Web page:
#minorsextrafficking | Sex trafficking family from Northampton which made £20,000 a month from prostitution

A Northampton family which made over £20,000 a month by trafficking women into the Midlands for prostitution were sentenced this week. It was the first charge of modern slavery brought by Northamptonshire Police.

For two years, the family smuggled a number of women into Northampton from Europe for the purposes of prostitution. They would then take half the women’s earnings and use it to fund a lavish lifestyle for themselves.

Jamie Dunn, his father Martin Dunn, his partner Catalina Cojocaru, and her brother Andrei Cojocaru all pleaded guilty to multiple offences including human trafficking and prostitution. Two were sentenced to prison while two were given suspended sentences at Northampton Crown Court on Tuesday, June 14.

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Operation Eton, which was led Northants Police’s serious and organised crime team, saw the first modern slavery and human trafficking charges secured by Northamptonshire Police. The investigation found the organised crime gang was making more than £20,000 per month from the women they had trafficked.

Between November 2015 and January 2017, the group arranged for women to travel from Europe, mostly Romania, to engage in off-street prostitution. This began in Northampton and then as the business grew, they spread to Nottingham, Birmingham, and other Midlands locations.

In December 2015, Jamie Dunn, 42, from Irons Road, Lower Harlestone, placed online adverts on a sex worker website relating to up to 13 women working for the group in order to attract clients. He was also responsible for sourcing the properties that would go on to be used as brothels.

Mr Dunn’s partner, Catalina Cojocaru, 37, also from Irons Road, Lower Harlestone, was pivotal in the sourcing of women from Europe to travel to the UK as sex workers. She was the one who conducted the day-to-day running of the operations.

Police recovered lists and text messages that showed that Ms Cojocaru acted as the sex workers’ ‘boss’, having daily contact with them and keeping records of the daily takings. Evidence showed that this amount was up to £1,640 per day, with the gang taking 50 per cent from each woman.

As the investigation progressed, 26-year-old Andrei Cojocaru, of Wellingborough Road, Northampton, was found in possession of 12 mobile phones. Seven of these had the names of the sex workers written on the back so that he knew which booking was for which woman.

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He would engage with clients who thought they were communicating with the advertised women and would then direct the clients to the property. His role also included collecting the trafficked women from airports.

Jamie Dunn’s father, Martin Dunn, 74, of Compton Street, Northampton, was the financier of the gang’s early work, having recently come into a large sum of money following a house sale. He also paid for airline tickets for a number of women coming into the UK, helped collect them from airports, and also financed hotels and serviced apartments used by the sex workers.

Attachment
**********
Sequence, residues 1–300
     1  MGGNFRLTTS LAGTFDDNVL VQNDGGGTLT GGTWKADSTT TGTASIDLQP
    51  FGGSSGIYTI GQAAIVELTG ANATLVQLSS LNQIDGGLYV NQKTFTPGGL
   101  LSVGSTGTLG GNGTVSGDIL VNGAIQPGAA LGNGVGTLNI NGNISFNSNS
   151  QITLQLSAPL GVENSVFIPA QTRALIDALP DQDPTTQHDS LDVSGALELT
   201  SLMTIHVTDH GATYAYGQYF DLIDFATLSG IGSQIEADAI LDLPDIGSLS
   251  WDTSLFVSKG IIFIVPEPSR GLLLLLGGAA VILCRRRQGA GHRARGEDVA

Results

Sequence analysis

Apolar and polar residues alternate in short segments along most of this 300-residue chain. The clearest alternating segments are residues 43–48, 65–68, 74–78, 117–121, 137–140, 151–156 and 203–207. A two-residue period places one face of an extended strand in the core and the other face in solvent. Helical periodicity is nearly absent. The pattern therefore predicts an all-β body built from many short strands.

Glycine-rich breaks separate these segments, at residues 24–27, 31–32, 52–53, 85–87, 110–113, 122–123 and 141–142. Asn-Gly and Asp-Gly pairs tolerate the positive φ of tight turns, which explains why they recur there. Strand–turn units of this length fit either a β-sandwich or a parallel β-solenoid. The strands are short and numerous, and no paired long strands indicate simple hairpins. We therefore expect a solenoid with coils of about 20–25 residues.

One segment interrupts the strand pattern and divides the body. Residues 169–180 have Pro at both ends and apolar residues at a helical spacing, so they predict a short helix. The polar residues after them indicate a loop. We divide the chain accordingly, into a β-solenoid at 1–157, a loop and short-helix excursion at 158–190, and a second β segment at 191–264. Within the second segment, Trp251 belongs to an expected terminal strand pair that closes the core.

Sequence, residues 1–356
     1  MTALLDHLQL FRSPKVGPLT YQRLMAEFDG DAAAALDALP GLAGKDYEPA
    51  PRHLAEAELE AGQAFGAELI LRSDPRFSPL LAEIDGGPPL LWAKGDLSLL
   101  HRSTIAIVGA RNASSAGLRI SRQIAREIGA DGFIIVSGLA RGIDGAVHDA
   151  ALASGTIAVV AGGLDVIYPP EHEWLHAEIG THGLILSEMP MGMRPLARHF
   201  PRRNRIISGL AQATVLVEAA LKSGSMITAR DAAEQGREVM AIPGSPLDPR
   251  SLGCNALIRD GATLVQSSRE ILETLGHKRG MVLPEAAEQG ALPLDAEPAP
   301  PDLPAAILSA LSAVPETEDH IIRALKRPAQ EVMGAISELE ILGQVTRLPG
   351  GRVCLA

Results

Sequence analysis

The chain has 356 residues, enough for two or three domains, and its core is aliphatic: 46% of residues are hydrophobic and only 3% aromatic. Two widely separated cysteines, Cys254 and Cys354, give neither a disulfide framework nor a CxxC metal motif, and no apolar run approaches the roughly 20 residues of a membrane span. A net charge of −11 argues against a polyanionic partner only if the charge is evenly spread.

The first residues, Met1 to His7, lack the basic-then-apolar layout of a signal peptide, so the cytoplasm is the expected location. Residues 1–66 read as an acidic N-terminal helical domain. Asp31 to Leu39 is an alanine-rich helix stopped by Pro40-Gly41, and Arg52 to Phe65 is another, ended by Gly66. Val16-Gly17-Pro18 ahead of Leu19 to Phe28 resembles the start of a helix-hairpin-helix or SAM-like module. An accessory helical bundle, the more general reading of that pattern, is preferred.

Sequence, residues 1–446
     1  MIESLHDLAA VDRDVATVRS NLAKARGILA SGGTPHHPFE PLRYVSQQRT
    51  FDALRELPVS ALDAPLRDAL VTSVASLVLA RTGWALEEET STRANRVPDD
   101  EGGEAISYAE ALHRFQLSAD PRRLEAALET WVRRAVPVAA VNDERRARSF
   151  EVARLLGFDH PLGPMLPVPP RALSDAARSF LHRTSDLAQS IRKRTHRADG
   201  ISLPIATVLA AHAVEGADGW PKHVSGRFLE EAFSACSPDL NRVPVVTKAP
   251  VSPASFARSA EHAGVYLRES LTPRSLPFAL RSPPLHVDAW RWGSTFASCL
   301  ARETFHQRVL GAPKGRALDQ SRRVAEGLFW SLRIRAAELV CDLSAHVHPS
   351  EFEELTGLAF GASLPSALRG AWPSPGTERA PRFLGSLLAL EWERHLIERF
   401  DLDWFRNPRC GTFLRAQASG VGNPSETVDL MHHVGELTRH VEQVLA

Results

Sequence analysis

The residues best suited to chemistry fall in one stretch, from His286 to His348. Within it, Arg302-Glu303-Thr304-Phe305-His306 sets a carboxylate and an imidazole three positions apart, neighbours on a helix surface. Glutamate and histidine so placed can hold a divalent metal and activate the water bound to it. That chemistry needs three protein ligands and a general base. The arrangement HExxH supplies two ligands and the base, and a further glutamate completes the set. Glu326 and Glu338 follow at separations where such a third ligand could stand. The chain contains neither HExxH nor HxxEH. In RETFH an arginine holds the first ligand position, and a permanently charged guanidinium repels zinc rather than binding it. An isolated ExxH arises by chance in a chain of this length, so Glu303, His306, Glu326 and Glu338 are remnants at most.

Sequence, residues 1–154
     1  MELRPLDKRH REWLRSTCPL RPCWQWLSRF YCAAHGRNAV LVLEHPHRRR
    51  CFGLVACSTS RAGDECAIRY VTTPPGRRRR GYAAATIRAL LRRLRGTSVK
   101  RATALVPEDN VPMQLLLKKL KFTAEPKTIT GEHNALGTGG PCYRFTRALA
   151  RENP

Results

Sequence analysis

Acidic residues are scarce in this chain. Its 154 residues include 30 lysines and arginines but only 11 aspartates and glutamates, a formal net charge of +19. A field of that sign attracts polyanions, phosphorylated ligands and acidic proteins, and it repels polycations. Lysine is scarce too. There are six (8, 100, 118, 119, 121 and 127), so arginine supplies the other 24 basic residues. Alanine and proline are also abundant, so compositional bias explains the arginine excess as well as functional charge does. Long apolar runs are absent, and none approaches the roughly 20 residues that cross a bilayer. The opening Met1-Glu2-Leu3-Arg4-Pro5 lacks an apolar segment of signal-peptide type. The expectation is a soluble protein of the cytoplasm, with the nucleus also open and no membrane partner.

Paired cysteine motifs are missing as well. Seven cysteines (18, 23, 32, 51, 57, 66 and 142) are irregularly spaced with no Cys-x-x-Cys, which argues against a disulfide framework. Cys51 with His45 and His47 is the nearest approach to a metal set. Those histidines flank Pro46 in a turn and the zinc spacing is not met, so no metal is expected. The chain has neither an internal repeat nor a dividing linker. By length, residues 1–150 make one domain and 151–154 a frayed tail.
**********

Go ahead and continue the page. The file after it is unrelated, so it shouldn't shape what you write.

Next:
Following the investigation, Jamie Dunn was charged with two counts of ‘conspiring to arrange or facilitate the travel of another person to the UK with a view to them being exploited, conspiring to control prostitution for gain’, and for ‘acquiring criminal property’. He was sentenced to a total of four years and nine months in prison.

Catalina Cojocaru was charged with two counts of ‘conspiring to arrange or facilitate the travel of another person to the UK with a view to them being exploited and conspiring to control prostitution for gain’. She was sentenced to three years and nine months in prison.

Andrei Cojocaru was handed one year in prison, suspended for 14 months plus 150 hours of unpaid work, for the offence of ‘conspiring to control prostitution for gain’. Martin Dunn was given a 12-month community order and 100 hours unpaid work for the offence of acquiring criminal property.

Senior Investigating Officer – Detective Inspector Carrie Powers, said: “This was a very complex and lengthy investigation but I am really pleased that through it. We managed to secure the Force’s first charges under modern day slavery legislation and to get guilty results for all four offenders.

The four gang members were sentenced at Northampton Crown Court on June 14.
The four gang members were sentenced at Northampton Crown Court on June 14.

“This organised crime gang exploited vulnerable women with the false promise of a better life in the UK. Instead, they forced them to have sex with a large number of men with no regard for their rights or welfare. These women worked long hours, only to have a large proportion of their earnings taken by the gang which would then be used to fund luxury lifestyles.

“Investigating these sort of cases may be complex but Northamptonshire Police is absolutely committed to tackling modern slavery and bringing the people who exploit vulnerable members of our community to justice.”

Modern slavery is the illegal exploitation of people for personal or commercial gain. It covers a wide range of abuse and exploitation and victims of modern slavery can be any age, gender, nationality and ethnicity.

To report a suspicion of modern slavery or to seek advice, you can contact the Modern Slavery Helpline confidentially on 08000 121 700. This is open 24 hours a day, 365 days a year.

You can report modern slavery online or call Northamptonshire Police on 101 at any time to report an incident. Should you wish to remain anonymous you can contact Crimestoppers on 0800 555111.

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